Find a fleet

You want the real secret we used to find ships to travel around the world with?  How we were able to find a ride in Tahiti before we even pulled into port?  Well, here it is:

Find a fleet.  Travel with it.  Make friends.

That’s it.

Wait, find a fleet?  What the heck does that mean?  Are we joining the Spanish Armada here or going for a vacation?

A ‘fleet’ is a term we use to describe a group of recreational ships that travel together from one general destination to another.  

Usually, they follow predictable weather patterns every year.  This is because sailors are obsessed with finding the best “weather windows” for their sailing, which is a good thing because it makes for the best ride.  For example, ships sail from the western side of North America to Mexico from late October – December.  Another fleet leaves Mexico & Panama to sail for Tahiti every year in the March/April timeframe.  These arrival and departure windows are predictable from year to year.

In order for you to understand why the ships go where they do when they do would require a lot more text than we can include in this article.  Suffice to say that our planet has generally predictable weather patterns and recreational sailing vessels often travel using those patterns to their advantage.  All you need to understand is that most boats travel to the same places at about the same times.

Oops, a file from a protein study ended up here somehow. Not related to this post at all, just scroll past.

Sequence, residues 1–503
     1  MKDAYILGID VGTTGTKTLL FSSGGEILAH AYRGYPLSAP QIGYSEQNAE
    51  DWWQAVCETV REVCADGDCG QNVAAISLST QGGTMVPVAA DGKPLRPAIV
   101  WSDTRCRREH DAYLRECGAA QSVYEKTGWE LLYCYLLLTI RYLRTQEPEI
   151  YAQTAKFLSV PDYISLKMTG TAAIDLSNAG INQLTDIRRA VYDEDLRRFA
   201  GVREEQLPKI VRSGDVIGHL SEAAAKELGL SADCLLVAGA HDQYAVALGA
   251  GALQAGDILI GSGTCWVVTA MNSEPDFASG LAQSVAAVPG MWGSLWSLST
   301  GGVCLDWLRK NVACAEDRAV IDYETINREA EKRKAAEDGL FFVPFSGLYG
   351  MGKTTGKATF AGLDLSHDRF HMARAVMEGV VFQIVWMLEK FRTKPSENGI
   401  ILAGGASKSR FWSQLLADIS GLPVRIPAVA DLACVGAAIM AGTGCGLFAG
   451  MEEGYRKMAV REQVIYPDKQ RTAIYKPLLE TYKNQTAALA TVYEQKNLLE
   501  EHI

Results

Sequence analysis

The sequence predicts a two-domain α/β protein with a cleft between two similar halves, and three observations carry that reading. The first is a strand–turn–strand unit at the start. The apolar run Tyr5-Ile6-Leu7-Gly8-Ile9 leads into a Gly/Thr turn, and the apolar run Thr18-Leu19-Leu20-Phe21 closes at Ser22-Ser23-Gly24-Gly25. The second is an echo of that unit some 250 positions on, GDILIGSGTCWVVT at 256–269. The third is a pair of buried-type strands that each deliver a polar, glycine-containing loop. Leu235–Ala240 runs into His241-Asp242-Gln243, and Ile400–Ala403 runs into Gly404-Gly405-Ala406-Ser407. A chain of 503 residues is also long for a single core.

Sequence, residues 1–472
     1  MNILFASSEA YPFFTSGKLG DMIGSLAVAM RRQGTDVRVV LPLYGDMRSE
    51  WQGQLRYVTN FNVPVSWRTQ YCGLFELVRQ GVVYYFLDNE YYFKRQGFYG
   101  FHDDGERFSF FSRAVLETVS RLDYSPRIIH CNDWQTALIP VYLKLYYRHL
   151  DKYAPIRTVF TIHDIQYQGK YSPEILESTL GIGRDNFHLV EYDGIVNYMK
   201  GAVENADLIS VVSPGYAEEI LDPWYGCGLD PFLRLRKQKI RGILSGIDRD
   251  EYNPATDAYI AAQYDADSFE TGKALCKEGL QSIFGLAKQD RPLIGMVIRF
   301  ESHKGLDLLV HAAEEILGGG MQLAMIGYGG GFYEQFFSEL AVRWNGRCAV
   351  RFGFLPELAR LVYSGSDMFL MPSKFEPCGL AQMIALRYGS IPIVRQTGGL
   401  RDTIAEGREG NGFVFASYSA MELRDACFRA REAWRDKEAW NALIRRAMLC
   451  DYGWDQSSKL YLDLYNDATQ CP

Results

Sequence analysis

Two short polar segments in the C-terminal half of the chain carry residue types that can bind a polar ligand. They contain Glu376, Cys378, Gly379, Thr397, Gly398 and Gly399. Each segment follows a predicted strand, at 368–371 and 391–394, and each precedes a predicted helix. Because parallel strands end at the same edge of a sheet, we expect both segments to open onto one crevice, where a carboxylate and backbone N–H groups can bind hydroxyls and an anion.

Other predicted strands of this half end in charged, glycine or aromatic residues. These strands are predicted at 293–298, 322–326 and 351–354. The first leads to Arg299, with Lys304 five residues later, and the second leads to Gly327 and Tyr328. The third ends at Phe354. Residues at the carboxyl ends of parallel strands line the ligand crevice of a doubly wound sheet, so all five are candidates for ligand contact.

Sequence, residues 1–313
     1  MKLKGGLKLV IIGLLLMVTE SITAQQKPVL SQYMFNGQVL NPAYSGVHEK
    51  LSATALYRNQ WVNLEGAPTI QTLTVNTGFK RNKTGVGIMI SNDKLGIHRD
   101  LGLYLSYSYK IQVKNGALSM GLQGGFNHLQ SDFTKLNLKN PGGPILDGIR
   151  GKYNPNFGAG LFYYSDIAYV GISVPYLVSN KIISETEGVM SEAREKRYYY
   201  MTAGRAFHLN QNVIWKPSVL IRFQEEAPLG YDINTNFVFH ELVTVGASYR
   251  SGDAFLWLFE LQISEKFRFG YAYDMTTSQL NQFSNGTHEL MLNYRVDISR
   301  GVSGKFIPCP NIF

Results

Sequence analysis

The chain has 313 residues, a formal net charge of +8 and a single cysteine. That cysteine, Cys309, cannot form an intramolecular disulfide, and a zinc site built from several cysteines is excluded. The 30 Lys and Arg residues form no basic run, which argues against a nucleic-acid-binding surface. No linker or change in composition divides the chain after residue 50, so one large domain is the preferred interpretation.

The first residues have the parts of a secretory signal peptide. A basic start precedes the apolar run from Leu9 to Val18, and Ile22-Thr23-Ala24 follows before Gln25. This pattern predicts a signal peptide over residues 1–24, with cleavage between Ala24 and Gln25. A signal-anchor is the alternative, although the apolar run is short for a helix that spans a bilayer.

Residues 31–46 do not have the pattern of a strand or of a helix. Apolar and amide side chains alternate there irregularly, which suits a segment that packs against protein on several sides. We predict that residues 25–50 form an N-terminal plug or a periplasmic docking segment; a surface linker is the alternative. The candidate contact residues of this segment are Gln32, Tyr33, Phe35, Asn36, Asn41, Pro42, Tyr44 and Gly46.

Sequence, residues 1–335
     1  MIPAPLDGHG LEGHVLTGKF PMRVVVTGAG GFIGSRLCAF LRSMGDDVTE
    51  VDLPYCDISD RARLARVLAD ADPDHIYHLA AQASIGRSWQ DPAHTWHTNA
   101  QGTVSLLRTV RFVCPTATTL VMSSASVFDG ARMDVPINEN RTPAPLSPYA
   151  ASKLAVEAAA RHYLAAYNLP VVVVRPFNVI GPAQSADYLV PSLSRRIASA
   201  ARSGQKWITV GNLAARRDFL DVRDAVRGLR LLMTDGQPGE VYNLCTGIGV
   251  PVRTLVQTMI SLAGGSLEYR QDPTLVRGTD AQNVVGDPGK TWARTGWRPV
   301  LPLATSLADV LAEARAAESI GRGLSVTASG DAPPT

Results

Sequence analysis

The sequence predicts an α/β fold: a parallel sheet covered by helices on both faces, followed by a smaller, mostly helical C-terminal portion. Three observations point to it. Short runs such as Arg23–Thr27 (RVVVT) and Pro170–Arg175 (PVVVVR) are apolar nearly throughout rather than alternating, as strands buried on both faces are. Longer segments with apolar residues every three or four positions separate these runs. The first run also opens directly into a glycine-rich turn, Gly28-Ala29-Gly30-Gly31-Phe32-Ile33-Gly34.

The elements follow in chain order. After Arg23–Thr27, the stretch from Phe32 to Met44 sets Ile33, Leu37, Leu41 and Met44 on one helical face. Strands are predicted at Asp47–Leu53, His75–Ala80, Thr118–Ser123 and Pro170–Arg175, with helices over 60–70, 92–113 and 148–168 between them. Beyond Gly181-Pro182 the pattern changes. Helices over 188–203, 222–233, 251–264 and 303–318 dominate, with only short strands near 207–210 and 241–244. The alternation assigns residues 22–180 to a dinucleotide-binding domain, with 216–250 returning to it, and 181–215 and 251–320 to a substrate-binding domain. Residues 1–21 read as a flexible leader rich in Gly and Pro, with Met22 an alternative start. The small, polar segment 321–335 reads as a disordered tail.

You can find a lot of these events, along with links to their websites, on our races & rallies page.

Why does this matter to you when all you want to do is hop on a boat and see the world?  Well, when you can find a group of 30 ships gathered in one port at the same time all getting ready to sail to the South Pacific, then your chances of finding a ride to Bora Bora just got a lot better, right?

So how do you find these ‘fleets’?  It’s actually quite easy.  You see, sailors have already figured out that they all like to go to the same places at the same times and many have just decided to make a floating party out of the whole affair.  As you will quickly discover while sailing around the world, sailors love to get together and have a good time.  These floating parties / travelling groups come in two varieties: Rallies and Races.

Races are competitive   Some more than others.  As you will see on our blog, we have taken part in a few “races” that were at best the loosest definition of the term.  Boats mostly went in the same direction, there was a finish line, but everyone forgot to bring the winners list to the after party.  Other races are very serious and captains spend a lot of time and money tricking out their performance boats to win the cup.  They can be very high stress but if you’re the competitive type, you’ll be hard pressed to find a better fit to get your fix than a serious racing ship!  If you are going to get involved in a distance race, know how serious both the race and your prospective captain are about it.

Some examples of multi day races you might be able to get in on are the Newport to Bermuda Race and the Catalina Island race out of San Diego.  All of these races have ships involved that are looking for people who have a few days to a few weeks to spare to round out their crew in order to travel to an exotic location by boat.